The red hot news in the
electric guitar industry this week has been led by the American giant Fender and one of the most recognized
and recognizable component brands in the world, the - also American - Bigsby.
The first question that came to mind at Guitars Exchange was: but didn’t Fender already own this brand (that is on its way to its eighth decade of life)? The question arises due to the almost mystical union between Bigsby and the guitar brand Gretsch since the 50s; a guitar brand that was acquired by Fender in 2002. Hence, this new purchase by Fender has surprised us more for its delay than for the purchase itself.
That said, the occasion couldn’t be better for us to delve further into the Bigsby universe and the models that these ‘installed bridges’ have made history in modern music.
As we said the relationship between Gretsch and Bigsby has been based on true and infinite love almost since the beginning of both companies; and it is impossible not to start this list of models without talking about the iconic Gretsch. Models like the White Falcon, the Tennessee Rose, the Country Gentleman - and even the acoustic models of the brand such as the Rancher - always come with the eternal Bigsby bridge.
However it’s not only Gretsch brand models that come to mind, but also many Gibsons that have marked our lives with a Bigsby. First among them is Mr. Neil Young’s legendary Les Paul 'Old Black' (remember we already talked about this Les Paul Goldtop 53 in its day); but perhaps for many the most legendary Gibson with Bigsby is not that, but the one that Keith Richards took with him on his first North American tour and that many argue is the person responsible for many musicians of the time beginning to look for the then forgotten ’59 Burst.
Others will argue that the true icon of the union of Gibson and Bigsby is perhaps the Gibson Les Paul Black Beauty, with which Jimmy Page began to make a name for himself among studio musicians in London; and that would give him the opportunity to become who he became shortly after. But we cannot forget other models of the brand such as the Gibson ES-275, ES-335, ES-345 and ES-355; sisters that throughout history have always had some version with a mounted Bigsby.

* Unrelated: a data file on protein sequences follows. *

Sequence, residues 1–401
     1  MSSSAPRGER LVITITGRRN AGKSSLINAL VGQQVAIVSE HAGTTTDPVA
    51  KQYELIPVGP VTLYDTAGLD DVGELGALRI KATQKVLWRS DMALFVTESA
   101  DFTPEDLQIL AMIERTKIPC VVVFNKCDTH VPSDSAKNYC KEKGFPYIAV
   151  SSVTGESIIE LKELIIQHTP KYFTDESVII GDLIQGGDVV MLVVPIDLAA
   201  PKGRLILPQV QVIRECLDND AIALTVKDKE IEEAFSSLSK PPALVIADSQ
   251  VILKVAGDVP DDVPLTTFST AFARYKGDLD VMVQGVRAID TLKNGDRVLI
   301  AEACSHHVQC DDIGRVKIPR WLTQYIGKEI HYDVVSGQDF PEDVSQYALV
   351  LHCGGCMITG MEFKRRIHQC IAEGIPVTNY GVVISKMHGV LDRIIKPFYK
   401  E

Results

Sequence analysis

But so many brands, besides these two, have decided to build a Bigsby on their necks of one of their models. Mythical guitars such as the Guild Starfire III, the Epiphone Riviera and Casino include the legendary lever in all or some of its versions. Neither have Japanese brands - and more tending to modern touches such as Yamaha - escaped the charms of these so-called vibratos in models like the Revstar.
Finally, let's pay a small tribute to the brand that has acquired Bigsby and not only its subsidiary Grestch. For many decades now we have been able to enjoy an authentic Fender standard such as the Fender Telecaster with a mounted Bigsby resulting in what I believe is one of the most beautiful electric guitars on the market and that we can acquire today from a good number of different options.
There are countless guitars out there making music based on a lever with a mounted Bigsby bridge. And as we said at the beginning, the union of this brand to the giant Fender was something that if it hadn’t happened, it had to happen sooner or later. To everyone's delight it seems that the relationship between both groups of management has always been good and that Bigsby will continue to have independence within Fender to continue making history with its own name, as it has done up to now.